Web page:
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Technology/Services

Are Less Frequent Guests the Key to Loyalty?

A brief from Paytronix says so

NEWTON, Mass. -- Low-frequency customers may be the key to a successful loyalty program, according to a new report from Paytronix, a reward program solutions provider for the retail and restaurant industries.

Setting an ideal goal of more than 15% of sales being attributed to the loyalty program, the Paytronix Data Insights report reveals that, as a good program matures, the majority of new members come from low-frequency and infrequent guests. This guest segment presents the marketer with the largest opportunity for increasing the number of times these guests visit a brand, resulting in more incremental visits won from competing brands.

Medium- to high-frequency guests will be the first to join a brand’s loyalty program, according to the report. However, by month four, the proportion of new members who have medium- to high-visit frequency drops to nearly one-sixth, with the majority of new members falling within the low and infrequent segments.

The Paytronix Data Insights team has determined that a brand usually cannot reach 15% penetration by enrolling only its best guests. And to achieve higher levels of penetration, it is even more important to be skilled at enrolling lower-frequency members. Here are three tips to get low frequency guests into a loyalty program:

Target the program design to the right segment - Focus the design on low-frequency guests. They will need to understand the value proposition quickly and be compelled to join on the spot.

Make it easy to join the program - Offer multiple ways to join the program, such as through mobile apps, text-to-join, mobile-friendly registration web pages, kiosks, iPads in the store, and even paper registration forms.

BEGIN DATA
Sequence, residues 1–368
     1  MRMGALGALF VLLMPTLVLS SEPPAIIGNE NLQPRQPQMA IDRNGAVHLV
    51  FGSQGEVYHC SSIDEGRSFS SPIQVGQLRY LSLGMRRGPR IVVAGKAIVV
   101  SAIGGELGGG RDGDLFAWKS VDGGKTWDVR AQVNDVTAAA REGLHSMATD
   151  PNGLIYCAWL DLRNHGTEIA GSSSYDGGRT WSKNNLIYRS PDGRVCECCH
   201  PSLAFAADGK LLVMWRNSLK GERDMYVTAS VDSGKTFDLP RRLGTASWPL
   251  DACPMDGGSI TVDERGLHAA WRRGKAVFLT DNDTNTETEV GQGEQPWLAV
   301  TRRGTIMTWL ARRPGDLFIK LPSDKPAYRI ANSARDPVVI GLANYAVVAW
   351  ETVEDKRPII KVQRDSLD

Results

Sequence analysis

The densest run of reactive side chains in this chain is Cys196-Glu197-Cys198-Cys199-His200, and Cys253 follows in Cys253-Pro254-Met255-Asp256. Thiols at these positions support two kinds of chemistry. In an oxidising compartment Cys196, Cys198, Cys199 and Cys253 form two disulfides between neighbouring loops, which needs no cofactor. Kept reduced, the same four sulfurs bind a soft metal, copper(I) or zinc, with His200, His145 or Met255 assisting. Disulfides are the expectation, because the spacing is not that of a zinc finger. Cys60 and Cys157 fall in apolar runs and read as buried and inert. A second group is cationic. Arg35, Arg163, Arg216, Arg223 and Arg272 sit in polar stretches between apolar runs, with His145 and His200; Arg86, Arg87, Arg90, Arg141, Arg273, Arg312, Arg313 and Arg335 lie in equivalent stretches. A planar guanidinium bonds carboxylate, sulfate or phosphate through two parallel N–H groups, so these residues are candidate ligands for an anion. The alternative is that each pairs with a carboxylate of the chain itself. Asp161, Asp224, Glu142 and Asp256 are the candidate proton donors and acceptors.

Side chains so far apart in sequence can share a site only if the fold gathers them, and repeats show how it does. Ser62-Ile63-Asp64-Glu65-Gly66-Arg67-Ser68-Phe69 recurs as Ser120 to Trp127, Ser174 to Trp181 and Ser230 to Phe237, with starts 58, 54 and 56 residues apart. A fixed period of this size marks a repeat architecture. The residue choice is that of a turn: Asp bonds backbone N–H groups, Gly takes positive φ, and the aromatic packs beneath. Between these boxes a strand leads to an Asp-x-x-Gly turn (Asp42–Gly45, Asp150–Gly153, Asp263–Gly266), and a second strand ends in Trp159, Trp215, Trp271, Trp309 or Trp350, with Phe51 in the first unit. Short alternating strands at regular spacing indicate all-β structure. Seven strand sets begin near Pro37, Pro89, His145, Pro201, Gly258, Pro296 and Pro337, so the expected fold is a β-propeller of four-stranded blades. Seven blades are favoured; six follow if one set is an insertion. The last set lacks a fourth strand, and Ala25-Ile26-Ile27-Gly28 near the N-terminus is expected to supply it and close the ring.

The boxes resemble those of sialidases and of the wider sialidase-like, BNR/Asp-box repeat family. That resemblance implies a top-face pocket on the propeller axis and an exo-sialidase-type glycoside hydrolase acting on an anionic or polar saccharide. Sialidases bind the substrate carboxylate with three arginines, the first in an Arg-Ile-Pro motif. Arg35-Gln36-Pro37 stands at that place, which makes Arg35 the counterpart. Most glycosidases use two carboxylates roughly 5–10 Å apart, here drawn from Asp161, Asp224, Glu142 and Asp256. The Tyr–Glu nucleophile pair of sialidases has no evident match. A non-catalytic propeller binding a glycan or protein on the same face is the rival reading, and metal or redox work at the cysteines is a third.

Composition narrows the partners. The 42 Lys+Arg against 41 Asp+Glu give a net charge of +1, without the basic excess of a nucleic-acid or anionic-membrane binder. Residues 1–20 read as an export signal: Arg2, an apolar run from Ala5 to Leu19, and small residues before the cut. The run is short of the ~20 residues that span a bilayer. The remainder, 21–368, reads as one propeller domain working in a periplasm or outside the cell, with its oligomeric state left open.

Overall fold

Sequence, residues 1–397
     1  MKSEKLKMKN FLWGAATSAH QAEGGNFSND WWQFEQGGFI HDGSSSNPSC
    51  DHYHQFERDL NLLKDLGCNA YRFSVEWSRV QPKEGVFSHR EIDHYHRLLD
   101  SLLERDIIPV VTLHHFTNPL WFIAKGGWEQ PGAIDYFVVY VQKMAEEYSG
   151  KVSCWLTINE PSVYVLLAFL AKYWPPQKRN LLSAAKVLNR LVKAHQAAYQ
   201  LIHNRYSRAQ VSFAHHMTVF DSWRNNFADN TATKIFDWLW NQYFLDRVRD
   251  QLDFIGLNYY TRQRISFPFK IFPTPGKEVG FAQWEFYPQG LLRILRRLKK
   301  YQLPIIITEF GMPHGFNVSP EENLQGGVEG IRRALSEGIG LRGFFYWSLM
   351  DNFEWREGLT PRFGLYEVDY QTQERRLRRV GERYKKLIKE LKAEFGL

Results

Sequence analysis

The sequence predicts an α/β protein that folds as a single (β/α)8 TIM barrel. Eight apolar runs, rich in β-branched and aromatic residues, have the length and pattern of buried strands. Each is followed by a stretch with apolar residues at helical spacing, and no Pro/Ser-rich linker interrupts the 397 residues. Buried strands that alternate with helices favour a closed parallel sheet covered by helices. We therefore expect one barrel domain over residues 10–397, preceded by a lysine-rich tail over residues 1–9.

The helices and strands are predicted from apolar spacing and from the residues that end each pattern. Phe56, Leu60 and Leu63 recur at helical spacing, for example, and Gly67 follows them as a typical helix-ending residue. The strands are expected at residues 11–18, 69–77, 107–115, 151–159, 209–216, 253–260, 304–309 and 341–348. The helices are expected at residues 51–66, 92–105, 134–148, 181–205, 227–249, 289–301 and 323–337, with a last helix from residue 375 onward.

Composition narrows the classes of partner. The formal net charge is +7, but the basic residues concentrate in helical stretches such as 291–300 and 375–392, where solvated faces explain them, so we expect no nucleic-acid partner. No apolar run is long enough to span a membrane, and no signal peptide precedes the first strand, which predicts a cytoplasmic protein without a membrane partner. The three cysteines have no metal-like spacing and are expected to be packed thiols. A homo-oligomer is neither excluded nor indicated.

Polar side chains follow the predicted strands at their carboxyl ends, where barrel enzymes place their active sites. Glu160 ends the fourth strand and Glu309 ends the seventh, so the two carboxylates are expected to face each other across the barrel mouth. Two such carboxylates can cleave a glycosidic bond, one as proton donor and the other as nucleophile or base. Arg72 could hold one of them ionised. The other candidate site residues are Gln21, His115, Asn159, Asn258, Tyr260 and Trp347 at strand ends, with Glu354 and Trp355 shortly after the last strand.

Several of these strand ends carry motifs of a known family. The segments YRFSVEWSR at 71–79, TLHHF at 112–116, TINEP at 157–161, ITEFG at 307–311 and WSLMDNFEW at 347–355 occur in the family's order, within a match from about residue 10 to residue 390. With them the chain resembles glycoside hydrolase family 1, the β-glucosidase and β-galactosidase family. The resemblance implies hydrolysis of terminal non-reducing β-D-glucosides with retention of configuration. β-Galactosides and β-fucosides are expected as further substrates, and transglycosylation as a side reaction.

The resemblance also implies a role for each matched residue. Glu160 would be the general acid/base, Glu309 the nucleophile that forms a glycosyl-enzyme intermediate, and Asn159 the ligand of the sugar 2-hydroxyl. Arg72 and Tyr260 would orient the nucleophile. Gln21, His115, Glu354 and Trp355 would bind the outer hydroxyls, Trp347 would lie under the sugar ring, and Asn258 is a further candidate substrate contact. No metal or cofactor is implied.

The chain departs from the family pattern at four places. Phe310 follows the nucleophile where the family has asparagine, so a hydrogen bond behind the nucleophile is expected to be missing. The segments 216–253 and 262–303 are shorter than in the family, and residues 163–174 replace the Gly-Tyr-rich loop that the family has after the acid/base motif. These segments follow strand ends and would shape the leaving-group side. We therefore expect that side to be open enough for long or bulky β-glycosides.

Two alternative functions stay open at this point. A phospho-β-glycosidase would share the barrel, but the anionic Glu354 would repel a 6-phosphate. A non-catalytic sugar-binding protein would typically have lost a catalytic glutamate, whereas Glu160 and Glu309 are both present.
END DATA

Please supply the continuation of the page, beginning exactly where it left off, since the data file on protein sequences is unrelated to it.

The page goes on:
Always be enrolling - Employees are a programs’ best ambassadors. They must understand how it benefits them, it must be simple for them to use, and it must be easy for them to explain the benefits to guests. Falling short in any of these three areas will likely discourage your servers from inviting guests to join the program.

“When setting goals for the organization, be aggressive and aim for at least a 15% loyalty penetration rate,” said Lee Barnes, head of Paytronix Data Insights, Newton, Mass. “Getting to this level means you will need some lower-frequency members, which is also the key to producing incremental revenue. Experienced partners know how to design the program to attract this group of clientele, employing ongoing enrollment campaigns that are designed to compel the infrequent group to join the ranks of the brand’s most engaged customers.”

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